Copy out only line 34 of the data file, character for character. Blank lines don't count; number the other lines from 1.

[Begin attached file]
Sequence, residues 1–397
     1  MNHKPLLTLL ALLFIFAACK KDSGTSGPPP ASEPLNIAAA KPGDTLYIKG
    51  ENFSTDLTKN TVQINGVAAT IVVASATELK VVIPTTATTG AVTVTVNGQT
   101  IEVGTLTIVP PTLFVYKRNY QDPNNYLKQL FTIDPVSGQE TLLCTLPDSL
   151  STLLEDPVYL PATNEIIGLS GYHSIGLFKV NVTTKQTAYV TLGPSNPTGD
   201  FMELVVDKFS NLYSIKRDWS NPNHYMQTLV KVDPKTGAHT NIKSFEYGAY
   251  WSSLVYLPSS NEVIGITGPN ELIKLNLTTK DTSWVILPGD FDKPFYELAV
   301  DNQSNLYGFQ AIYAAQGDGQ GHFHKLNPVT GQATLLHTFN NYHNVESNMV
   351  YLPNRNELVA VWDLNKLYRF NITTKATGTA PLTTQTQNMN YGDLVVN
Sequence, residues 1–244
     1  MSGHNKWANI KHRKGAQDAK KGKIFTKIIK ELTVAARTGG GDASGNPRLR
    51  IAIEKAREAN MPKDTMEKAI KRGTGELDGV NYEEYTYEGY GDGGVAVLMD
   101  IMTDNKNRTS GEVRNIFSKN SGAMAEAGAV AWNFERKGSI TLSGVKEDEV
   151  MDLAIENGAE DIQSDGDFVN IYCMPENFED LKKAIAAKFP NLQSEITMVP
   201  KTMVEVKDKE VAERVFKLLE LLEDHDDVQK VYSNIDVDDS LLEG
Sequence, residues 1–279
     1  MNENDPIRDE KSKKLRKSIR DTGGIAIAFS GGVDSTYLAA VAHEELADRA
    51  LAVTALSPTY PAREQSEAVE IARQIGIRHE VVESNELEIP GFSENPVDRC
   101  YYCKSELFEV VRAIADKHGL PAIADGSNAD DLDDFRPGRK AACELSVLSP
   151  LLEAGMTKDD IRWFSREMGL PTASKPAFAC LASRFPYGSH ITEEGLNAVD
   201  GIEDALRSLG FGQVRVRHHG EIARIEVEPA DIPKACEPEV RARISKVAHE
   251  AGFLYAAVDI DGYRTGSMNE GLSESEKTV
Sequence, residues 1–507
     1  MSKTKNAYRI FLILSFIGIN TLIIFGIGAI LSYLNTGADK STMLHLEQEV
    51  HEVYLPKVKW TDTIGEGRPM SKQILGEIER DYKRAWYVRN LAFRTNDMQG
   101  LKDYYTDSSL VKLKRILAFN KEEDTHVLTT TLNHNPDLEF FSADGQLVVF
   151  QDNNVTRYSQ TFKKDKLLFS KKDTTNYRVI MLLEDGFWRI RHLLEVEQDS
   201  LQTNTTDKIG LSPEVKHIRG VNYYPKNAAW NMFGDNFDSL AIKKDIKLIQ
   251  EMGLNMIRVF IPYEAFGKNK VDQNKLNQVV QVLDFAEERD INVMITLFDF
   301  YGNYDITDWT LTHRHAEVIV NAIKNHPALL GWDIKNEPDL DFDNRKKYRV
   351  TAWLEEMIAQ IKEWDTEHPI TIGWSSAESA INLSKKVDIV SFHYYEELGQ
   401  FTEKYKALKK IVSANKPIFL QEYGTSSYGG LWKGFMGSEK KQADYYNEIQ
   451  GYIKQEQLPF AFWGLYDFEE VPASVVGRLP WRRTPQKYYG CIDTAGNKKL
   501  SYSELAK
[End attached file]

   501  SYSELAK